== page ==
Monday, August 23, 2010

Australia sits on the fence

As much as some on the left and right might want to make of it, there were not two profoundly differently views of how Australia should be governed offered by Julia Gillard and Tony Abbott. Neither offered inspiration and indeed both may be in parties quietly wondering whether the previous leaders of both major parties would have had a better chance at winning.

Julia Gillard offered a vision of "the state is here to help", which sold the total lie that somehow the Australian Federal Government had anything to do with Australia largely escaping the global financial recession. Indeed, it is more that Australia escaped in spite of the Federal Government's efforts to waste the money of future taxpayers by borrowing and spending pork like it was going out of fashion. None on the left in Australia care to note how without a Fannie Mae and Freddie Mac, without laws that forced banks to lend to those who could not afford to pay and without net Federal government debt (one of the positive legacies of the Howard administration), that the banking sector down under was far less vulnerable to the vagaries of the property bubble.

Ah but Australia does have a property bubble right? Well yes, and that is something that Gillard and Rudd have helped maintain, with a great deal of help from China (and its neighbours) treating Australia as the great mining pit of the southern hemisphere. Nobody can start to pretend that the key reason for Australia's immunity from recession and having its property bubble pricked is the maintenance of high commodity prices whilst China still rides a wave of immense increases in domestic productivity, fueling domestic domestic.

So Gillard tried to sell the snake oil that Labor saved the Australian economy. The biggest snake oil of all was that somehow the Federal Government deserved a share of mining profits over and above existing taxes.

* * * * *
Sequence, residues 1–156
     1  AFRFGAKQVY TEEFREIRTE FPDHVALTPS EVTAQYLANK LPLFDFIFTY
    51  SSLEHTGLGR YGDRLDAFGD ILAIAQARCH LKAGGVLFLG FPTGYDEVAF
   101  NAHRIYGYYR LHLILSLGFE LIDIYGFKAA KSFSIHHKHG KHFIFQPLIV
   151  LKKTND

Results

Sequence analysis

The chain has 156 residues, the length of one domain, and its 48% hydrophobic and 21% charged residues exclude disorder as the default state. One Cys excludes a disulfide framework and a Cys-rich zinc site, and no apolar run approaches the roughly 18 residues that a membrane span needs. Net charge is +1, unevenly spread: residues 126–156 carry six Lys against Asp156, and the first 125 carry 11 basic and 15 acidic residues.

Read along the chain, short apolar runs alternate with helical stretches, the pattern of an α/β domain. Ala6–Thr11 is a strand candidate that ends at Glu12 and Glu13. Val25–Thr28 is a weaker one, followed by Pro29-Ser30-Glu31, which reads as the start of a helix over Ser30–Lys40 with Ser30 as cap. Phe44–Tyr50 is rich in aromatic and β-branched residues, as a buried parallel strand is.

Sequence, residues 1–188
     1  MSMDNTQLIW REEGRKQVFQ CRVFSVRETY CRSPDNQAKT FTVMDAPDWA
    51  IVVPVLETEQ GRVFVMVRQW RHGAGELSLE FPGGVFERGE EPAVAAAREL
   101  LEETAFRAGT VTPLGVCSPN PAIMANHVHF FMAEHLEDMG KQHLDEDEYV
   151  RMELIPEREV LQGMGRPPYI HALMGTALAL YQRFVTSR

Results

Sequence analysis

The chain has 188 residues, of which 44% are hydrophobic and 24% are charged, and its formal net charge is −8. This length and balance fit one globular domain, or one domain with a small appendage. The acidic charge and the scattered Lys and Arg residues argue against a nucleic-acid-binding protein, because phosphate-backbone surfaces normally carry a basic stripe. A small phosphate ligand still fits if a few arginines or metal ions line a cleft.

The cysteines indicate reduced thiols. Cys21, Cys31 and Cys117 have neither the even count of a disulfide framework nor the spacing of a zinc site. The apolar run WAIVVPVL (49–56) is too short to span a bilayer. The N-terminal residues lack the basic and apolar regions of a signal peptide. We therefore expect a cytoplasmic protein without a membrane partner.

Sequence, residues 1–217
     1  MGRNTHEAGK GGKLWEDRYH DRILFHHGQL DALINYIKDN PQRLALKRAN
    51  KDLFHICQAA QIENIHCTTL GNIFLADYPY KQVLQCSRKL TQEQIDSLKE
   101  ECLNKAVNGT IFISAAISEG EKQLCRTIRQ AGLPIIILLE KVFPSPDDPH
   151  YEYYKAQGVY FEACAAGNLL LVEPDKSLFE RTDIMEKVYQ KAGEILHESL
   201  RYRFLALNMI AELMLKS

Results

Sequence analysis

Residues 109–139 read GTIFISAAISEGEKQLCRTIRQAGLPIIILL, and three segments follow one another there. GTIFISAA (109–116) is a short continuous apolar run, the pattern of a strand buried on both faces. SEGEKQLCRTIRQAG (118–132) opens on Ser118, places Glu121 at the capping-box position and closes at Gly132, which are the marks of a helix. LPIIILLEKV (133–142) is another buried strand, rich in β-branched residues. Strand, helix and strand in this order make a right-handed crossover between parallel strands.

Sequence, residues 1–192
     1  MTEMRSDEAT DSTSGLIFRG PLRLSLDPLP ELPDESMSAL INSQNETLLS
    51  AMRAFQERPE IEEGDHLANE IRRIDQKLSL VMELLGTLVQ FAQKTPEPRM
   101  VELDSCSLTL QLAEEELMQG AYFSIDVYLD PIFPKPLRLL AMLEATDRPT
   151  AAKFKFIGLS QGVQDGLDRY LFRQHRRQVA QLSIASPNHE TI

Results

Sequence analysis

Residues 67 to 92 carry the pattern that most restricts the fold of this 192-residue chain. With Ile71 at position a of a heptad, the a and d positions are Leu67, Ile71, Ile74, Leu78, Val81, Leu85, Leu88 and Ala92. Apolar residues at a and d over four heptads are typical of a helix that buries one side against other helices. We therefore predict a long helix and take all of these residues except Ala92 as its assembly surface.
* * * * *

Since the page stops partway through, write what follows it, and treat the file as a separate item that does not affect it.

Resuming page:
Tony Abbott rightfully knew this, and confronted both that and the persistent claims that Australia should kneecap its economy to help most countries in the world grow their CO2 emissions. However, he himself was a little more disconcerting. It is clear his social conservatism turned many likely Liberal voters off. The poor results for the Liberals in Melbourne likely reflect that.

Yet as much as Gillard and the ALP might like to play on it, neither she nor Kevin Rudd (hardly socially liberal himself) have a glorious record on personal freedoms. The attempts to employ a Singapore/UAE/China style filter on all Australian ISPs smacks of the nanny state par excellence. Bearing in mind that New Zealand politicians sometimes have the tendency to follow our cousins across the Tasman, this was rather disconcerting.

So neither deserved endorsement, and neither got it.

Instead, Australia has rather quaintly dabbled with the Green Party, which if it was honest would effectively shut down much of Australia's primary industries if it could. Like Green Parties elsewhere it blends some social liberalism with a warm cuddly embrace of higher taxes, more government, bans, compulsion and an anti-Western foreign policy.

However, its single House of Representatives MP wont be the deciding factor, it is the independents. The big question is what pork they will demand for their constituencies to grant Gillard or Abbott a majority.

The longest standing independent is Australia's Winston Peters - Bob Katter. Katter was with the National Party, and resigned because he was opposed to privatisation, deregulation and free trade.

Oh and just before those on the left get excited he was also a fan of the politician that has been perhaps Australia's closest example of genuine fascism in recent times - Joh Bjelke-Petersen. The man who banned street protests, who had his political opponents in his own party under Police surveillance reporting directly to him.

Although Katter was with the Nats (and is a climate change sceptic), his father was with the ALP, so where he swings could be about the amount of pork he gets.

Other independents are ex National or Liberal (Rob Oakeshott andTony Windsor) and left because of differences over whether Australia should be a republic or of a clash of personalities. Both of them are likely to be warmer towards Abbott. Another possible independent is Andrew Wilkie, an ex. Green (and ex. Liberal), who is probably warmer towards the ALP.

So who knows what will happen.

However, if it is about pork, the danger is that the "winner" gets tainted for giving preferential treatment to certain electoral divisions (a "division" is a constituency in the Federal Parliament). Let's hope Australian taxpayers don't get such a blatantly raw deal.

1 comment:

Craig said...

Hi Scott,

Bad news, we already have the internet filter: